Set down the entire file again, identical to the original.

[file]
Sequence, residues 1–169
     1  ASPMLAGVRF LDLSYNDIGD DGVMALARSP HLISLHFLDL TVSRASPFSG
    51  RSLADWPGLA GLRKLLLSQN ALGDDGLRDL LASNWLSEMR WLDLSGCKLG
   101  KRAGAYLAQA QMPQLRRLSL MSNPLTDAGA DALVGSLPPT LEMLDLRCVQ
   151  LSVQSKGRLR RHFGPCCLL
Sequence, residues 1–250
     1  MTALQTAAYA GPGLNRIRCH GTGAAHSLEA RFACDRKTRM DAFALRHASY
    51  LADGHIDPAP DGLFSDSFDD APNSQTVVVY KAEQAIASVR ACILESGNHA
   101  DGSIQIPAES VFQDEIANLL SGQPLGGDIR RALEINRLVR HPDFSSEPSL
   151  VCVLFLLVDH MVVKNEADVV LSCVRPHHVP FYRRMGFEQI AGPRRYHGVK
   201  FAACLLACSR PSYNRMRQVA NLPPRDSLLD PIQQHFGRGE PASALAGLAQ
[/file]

Sequence, residues 1–169
     1  ASPMLAGVRF LDLSYNDIGD DGVMALARSP HLISLHFLDL TVSRASPFSG
    51  RSLADWPGLA GLRKLLLSQN ALGDDGLRDL LASNWLSEMR WLDLSGCKLG
   101  KRAGAYLAQA QMPQLRRLSL MSNPLTDAGA DALVGSLPPT LEMLDLRCVQ
   151  LSVQSKGRLR RHFGPCCLL
Sequence, residues 1–250
     1  MTALQTAAYA GPGLNRIRCH GTGAAHSLEA RFACDRKTRM DAFALRHASY
    51  LADGHIDPAP DGLFSDSFDD APNSQTVVVY KAEQAIASVR ACILESGNHA
   101  DGSIQIPAES VFQDEIANLL SGQPLGGDIR RALEINRLVR HPDFSSEPSL
   151  VCVLFLLVDH MVVKNEADVV LSCVRPHHVP FYRRMGFEQI AGPRRYHGVK
   201  FAACLLACSR PSYNRMRQVA NLPPRDSLLD PIQQHFGRGE PASALAGLAQ